North Carolina is on the road to legalizing medical marijuana after it's bill passed a first reading in the General Assembly this month. State Representatives and Marijuana Policy leaders agree that not only is it logical, but the evidence shows that ill patients can gain many benefits from medical marijuana. The representatives also agree that contrary to local belief, legalization will not increase marijuana use in their communities. “It’s illogical for the government not to legalize marijuana because we could earn money from taxing it, and we could spend less taxpayer money imprisoning kids who were caught with marijuana. All that does is ruin someone’s life and waste taxpayer money,” freshman Emelina Vienneau said.
It doesn't take much to notice how popular legal marijuana has become in just a few years, but you may underestimate exactly how much its grown! From 2013 to 2014 the market grew a whopping 74% going from $1.5 billion all the way up to $2.7 billion. With just less than half the states having medical marijuana, and only 3 states with recreational marijuana programs (Oregon joins the list as #4 in July) the potentional for economic growth and THC relief is seemingly endless. The huge growth potential of the industry appears to be limited only by the possibility of states rejecting the loosening of their drug laws. The report projects a marijuana industry that could be more valuable than the entire organic food industry -- that is, if the legalization trend continues to the point that all 50 states legalize recreational marijuana. The total market value of all states legalizing marijuana would top $36.8 billion -- more than $3 billion larger than the organic food industry.
New Attorney General Eric Holder believes congress should reclassify marijuana. Some say he himself has the authority to reclassify, though it seems unclear as to exactly how. It turns out he can add and reschedule drugs, but it must be requested by the human services secretary or in response to a public petition. In addition, he must gather data and scientific and medical evaluation from the HHS secretary before doing so. The issue at hand is that the current scheduling of marijuana does not allow govt. funded research to provide sufficient evidence for reclassification. “The attorney general was addressing the fact that the administration can’t change the classification of marijuana unless HHS or the FDA find a ‘currently accepted medical use,’” said Patrick Rodenbush, a spokesman for the Department of Justice. “The attorney general believes that a political and policy issue of this magnitude deserves input from Congress and that, absent new medical findings, congressional action is currently the best avenue for reclassification.”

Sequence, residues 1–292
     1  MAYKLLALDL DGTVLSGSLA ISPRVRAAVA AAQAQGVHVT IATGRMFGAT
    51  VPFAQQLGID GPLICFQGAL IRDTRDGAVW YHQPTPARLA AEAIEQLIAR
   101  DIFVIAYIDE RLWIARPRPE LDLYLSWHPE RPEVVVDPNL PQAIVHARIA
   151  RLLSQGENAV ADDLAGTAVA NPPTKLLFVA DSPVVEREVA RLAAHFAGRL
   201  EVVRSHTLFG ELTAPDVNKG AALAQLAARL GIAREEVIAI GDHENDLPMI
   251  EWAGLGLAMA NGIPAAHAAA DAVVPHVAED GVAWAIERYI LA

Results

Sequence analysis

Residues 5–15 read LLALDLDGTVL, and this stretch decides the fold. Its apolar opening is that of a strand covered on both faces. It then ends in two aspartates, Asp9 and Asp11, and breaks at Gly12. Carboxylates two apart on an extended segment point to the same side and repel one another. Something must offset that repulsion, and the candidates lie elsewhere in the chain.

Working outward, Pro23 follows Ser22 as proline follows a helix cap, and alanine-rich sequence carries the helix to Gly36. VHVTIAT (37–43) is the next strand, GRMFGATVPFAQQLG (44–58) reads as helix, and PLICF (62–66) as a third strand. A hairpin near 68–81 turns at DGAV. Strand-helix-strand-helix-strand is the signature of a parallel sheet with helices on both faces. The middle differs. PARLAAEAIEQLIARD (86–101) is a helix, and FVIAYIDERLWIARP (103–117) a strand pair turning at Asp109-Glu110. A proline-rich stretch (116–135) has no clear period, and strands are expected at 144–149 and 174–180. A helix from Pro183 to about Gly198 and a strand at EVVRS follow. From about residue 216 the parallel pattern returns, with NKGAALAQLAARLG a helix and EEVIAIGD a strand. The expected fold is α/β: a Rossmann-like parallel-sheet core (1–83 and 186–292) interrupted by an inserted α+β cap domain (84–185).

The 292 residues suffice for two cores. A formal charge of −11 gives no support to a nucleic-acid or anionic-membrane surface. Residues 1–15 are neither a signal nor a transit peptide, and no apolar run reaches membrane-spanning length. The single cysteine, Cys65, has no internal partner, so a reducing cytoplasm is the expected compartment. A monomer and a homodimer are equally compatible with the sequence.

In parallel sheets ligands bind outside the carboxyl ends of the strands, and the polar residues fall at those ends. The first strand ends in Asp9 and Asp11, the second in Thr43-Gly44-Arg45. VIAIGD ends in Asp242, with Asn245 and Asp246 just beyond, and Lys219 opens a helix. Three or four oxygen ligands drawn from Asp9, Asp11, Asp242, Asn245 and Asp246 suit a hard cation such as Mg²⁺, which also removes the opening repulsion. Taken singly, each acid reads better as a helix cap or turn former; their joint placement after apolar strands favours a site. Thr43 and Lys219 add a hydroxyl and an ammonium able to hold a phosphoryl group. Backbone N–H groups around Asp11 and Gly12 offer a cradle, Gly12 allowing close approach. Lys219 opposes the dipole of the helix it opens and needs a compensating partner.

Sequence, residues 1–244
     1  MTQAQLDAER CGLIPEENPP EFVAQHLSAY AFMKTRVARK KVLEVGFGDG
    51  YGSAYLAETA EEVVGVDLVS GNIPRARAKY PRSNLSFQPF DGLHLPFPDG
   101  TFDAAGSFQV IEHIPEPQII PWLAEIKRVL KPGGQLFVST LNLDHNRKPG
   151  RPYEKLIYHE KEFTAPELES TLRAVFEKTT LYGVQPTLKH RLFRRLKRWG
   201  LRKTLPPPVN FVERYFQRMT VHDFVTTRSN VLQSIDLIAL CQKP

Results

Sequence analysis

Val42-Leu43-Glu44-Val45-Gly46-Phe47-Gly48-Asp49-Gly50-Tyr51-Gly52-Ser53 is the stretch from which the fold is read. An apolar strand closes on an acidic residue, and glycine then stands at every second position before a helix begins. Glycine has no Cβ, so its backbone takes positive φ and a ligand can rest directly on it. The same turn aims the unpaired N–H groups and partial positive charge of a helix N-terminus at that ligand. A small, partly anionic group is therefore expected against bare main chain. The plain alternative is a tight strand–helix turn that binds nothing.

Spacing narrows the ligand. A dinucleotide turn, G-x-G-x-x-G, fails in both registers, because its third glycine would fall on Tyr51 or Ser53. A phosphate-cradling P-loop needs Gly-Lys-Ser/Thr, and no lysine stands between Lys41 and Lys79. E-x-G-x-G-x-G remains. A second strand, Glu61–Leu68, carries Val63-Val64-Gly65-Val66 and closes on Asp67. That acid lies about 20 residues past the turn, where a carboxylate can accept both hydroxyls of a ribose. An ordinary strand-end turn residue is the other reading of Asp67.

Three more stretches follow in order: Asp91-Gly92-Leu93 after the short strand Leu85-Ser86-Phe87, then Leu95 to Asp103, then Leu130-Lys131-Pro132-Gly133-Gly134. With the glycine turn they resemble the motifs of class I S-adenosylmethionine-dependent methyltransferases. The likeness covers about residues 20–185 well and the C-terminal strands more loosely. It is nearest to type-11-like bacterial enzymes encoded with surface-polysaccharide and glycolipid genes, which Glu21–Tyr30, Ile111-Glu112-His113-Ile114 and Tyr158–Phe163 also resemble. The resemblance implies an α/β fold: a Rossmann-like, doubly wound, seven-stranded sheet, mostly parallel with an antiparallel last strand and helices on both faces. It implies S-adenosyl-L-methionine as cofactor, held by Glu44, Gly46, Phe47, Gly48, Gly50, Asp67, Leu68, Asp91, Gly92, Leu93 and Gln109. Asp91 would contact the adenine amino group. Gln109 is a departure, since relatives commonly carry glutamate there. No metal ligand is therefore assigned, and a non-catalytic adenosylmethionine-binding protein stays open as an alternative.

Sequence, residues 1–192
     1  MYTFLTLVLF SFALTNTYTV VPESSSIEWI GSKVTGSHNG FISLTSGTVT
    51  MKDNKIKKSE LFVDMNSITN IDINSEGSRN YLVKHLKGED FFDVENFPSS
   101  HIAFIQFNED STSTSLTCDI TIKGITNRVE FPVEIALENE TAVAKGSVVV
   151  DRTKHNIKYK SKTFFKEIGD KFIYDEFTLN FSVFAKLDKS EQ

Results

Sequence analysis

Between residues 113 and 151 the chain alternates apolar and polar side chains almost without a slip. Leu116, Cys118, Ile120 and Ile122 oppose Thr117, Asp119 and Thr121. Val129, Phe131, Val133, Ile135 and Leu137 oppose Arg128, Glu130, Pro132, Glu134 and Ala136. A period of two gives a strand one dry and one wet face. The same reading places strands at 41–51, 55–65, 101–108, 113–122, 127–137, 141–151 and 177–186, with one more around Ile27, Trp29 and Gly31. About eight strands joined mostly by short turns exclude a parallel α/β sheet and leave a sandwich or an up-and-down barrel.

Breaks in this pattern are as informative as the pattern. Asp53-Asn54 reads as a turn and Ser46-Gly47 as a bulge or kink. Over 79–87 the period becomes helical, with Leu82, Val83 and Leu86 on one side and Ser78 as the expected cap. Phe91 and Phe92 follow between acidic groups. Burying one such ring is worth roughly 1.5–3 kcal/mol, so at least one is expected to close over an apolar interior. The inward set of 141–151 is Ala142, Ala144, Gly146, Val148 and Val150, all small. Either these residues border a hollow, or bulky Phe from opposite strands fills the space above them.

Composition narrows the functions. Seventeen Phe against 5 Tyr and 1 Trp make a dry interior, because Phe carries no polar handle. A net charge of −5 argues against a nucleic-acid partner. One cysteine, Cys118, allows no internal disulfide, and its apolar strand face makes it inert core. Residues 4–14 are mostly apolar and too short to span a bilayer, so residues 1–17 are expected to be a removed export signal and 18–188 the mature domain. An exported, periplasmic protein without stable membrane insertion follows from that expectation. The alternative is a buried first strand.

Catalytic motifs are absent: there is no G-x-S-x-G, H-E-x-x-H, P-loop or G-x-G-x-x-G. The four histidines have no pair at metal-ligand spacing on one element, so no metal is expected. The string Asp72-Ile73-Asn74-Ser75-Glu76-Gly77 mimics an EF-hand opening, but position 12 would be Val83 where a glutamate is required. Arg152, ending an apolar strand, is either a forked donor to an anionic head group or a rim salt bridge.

As of 12:01am on Feb. 26, 2014 Marijuana is legal in Washington D.C. for adults age 21 and over. The use of marijuana is still prohibited in public and on federally owned land, but is allowed for personal use in your own home. One can possess up to 2 ounces at a time, and grow up to 6 cannabis plants. Despite the growing support for marijuana, many republicans in congress are fighting the legalization and the first recreational sales may not be seen until 2016. “This is a significant milestone in the movement for racial justice, civil liberties, and drug policy reform,” said Dr. Malik Burnett, D.C. policy manager at the Drug Policy Alliance. “The racially-biased enforcement of marijuana laws in the nation’s capital is officially a relic of history.”
You probably already know that marijuana is among the least risky recreational drugs one can consume. What you might not have known is that alcohol was found to have the highest risk of death over heroin, cocaine, meth, tobacco and more. New research is only backing previous studies that show marijuana is safe and deserves to be regulated just like the legal drugs that carry much harsher consequences. Given the relative risks associated with marijuana and alcohol, the authors recommend "risk management prioritization towards alcohol and tobacco rather than illicit drugs." And they say that when it comes to marijuana, the low amounts of risk associated with the drug "suggest a strict legal regulatory approach rather than the current prohibition approach."
Tuesday February 24th, 2014 marks the first day in Alaska's legalization of marijuana and the fourth state to legalize recreational use. Adults in Alaska can now consume cannabis in their homes, as well as grow up to six plants for personal use. Public use has a $100 fine attatched to it, and the state is stressing safe consumption of marijuana, especially in edibles. Alaska officials have already visited Colorado to see how the social experiment is being run there, and they’re planning on a visit to Washington soon. Franklin is grateful that her state, the fourth to legalize marijuana, had a chance to learn from those trailblazers’ successes and challenges.